Proportion plots help us compare the share of a population between two metrics. It uses length on the left and right side of the chart and connects the lengths by a band in the middle that swoops a lot if there is disproportionality and stays pretty even if the proportions are the same.
This is the kind of story we often need to tell when we are trying to talk about how our sample compares to the overall population. If your sample is representative, each side of your proportion plot would be equal. Often times, such as with my example below, this is not the case.
We have major disproportionality between the racial makeup of our overall population and the racial makeup of who is killed by police officers.
I made this graph in Excel after seeing the visual produced by Statistic.ly, shown here:
and I’m calling it a Proportion Plot. I can no longer find this image on their website, only on their Twitter account. I pulled my data from their same source, the Washington Post, and you can see how WP visualized this same data here. Here’s how another group visualized it. I think the Proportion Plot is the best.
My clients think so too. I mocked up data on their students in special education, compared to their student population overall and showed this to them in a Zoom meeting.
Responses were “Yes.” “YES!” and “YAAAAAAAAAAAS.”
In working with the development of this graph (rebuilt in Excel primarily by Joe Travers) and experimenting with different data sets, it became clear that when one racial group composes a large proportion of your population, it gets difficult to see how groups that compose a smaller proportion stack up. That can often lead analysts and designers to collapse some of the smaller numbers into one group that they call Other. And that can “other” people and contribute to exclusion. I asked around and learned that “Other races” or “All other races” were phrases that felt more comfortable to people usually clumped into that category, though they still aren’t perfect. Please keep this in mind when you are adapting this chart for your own data. Don’t be like CNN, who offended many indigenous people by using “something else.”
And yes, please adapt this chart for your own data. You can download my Excel file here. It’s a beast, I know. I included some basic instructions if you want to make your chart from scratch. You can also just work from my finished chart in the file. We’ll have step-by-step instructions (written and video) for this chart in my Data Visualization Academy soon – for Excel, Tableau, and R – including how to add or remove more categories. Stay tuned.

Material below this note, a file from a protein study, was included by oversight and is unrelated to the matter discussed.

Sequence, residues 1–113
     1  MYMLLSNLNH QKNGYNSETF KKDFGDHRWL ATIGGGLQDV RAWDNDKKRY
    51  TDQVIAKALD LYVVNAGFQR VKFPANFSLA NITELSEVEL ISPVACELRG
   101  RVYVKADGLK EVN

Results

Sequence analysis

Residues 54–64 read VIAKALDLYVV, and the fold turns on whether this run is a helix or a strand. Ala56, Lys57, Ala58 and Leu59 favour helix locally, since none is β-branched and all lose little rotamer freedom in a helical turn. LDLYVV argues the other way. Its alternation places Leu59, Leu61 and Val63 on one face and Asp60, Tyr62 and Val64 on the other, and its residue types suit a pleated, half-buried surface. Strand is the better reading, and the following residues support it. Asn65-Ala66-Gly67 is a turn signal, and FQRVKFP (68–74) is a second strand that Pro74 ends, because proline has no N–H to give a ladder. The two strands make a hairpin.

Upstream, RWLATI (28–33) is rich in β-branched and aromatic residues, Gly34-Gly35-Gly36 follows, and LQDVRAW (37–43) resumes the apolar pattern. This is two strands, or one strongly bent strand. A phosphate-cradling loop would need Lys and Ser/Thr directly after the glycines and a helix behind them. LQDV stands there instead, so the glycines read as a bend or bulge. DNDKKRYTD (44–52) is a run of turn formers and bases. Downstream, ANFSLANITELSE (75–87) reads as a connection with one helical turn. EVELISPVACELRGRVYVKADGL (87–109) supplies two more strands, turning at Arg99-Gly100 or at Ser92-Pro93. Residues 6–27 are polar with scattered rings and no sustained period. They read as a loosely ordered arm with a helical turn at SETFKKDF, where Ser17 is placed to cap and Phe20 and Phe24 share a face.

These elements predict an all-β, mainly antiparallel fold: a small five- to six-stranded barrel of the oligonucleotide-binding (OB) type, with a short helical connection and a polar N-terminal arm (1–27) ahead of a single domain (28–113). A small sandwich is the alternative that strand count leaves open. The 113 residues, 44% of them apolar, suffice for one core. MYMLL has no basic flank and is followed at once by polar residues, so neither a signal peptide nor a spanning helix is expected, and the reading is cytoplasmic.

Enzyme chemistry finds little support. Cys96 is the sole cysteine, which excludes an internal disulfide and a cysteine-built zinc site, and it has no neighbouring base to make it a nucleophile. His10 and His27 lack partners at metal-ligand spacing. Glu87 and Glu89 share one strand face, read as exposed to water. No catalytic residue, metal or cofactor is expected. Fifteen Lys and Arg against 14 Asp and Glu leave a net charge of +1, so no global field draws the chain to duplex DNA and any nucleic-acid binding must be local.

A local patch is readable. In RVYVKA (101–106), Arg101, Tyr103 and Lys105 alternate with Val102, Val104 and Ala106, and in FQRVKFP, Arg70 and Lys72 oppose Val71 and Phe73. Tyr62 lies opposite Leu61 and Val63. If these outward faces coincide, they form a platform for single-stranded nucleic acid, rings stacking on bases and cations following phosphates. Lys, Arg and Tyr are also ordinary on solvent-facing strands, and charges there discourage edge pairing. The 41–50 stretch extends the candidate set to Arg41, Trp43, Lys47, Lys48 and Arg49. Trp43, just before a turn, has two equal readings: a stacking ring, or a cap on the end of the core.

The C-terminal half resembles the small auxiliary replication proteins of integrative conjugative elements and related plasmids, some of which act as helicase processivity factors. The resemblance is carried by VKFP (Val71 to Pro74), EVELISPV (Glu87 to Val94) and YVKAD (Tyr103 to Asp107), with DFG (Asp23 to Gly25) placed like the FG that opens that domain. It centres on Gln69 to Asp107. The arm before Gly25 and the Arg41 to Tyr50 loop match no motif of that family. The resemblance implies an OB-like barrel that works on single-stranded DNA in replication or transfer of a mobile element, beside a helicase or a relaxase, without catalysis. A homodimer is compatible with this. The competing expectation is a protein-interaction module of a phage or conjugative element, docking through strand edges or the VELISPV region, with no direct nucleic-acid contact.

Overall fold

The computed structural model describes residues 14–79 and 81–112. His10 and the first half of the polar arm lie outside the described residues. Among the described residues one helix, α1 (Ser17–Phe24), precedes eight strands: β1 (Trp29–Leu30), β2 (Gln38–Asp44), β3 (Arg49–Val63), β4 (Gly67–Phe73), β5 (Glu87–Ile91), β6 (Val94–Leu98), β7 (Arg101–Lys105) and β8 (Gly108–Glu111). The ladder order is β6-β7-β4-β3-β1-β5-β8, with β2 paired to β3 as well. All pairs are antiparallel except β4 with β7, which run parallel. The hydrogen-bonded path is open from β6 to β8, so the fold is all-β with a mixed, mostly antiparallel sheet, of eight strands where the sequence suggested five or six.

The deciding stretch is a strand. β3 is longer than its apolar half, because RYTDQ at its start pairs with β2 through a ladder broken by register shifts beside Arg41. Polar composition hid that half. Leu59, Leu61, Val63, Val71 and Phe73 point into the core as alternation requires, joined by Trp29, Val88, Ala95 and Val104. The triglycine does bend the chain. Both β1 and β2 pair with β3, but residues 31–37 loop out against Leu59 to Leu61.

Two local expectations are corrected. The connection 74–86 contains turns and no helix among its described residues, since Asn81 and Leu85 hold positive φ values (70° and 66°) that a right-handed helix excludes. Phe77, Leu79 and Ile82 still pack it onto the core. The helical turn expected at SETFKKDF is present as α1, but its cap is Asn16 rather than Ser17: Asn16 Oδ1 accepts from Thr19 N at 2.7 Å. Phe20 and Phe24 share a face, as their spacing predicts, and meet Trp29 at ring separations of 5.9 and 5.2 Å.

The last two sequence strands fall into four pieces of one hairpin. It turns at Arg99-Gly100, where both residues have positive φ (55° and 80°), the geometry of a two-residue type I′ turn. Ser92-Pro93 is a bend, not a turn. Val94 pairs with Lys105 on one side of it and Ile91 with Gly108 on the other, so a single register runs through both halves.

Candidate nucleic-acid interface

Meanwhile, as I watch the news report on yet another unarmed Black person killed by police, it seems to me that one of the many actions I can take is to release this file so that you can use it to tell clearer stories about disproportionality with the urgency those stories deserve.
Follow Up Q & A
I got some great questions about this graph, as one would expect when viewing a new chart type.
Q: Isn’t this just a Sankey diagram?
A: Nope, though they do look visually similar. Sankey diagrams depict flow. So categories on the left break apart and flow into subcategories on the right. A Proportion Plot is not about flow, it is about comparing the proportion of the same categories in two different settings. No subcategories involved. In a Sankey, flows can cross. That wouldn’t happen in a Proportion Plot. Here’s what data similar to Proportion Plot on deaths by police (this is completely fake – I just made these numbers up) would look like in a Sankey. I used SankeyMatic to make this.
Q: Isn’t this just made from a stacked area chart?
A: Yes, I hacked it from an area chart but it is not an area chart. Stacked area charts are typically used to show change over time and proportion plots do not.
Q: But I am reading this as an area chart, as though it is change over time.
A: Yeah, you might have to get out of your own way on this one. Big time data nerds (hey, that includes me) often get our minds fixed on certain ways to read charts and it can take a beat for us to open our minds up to something new. People who are not big time data nerds tend to have less of a problem. Try it! Other people already have given it a go and produced some awesome results. Check out Nick’s proportion plot:
and this one from Richard: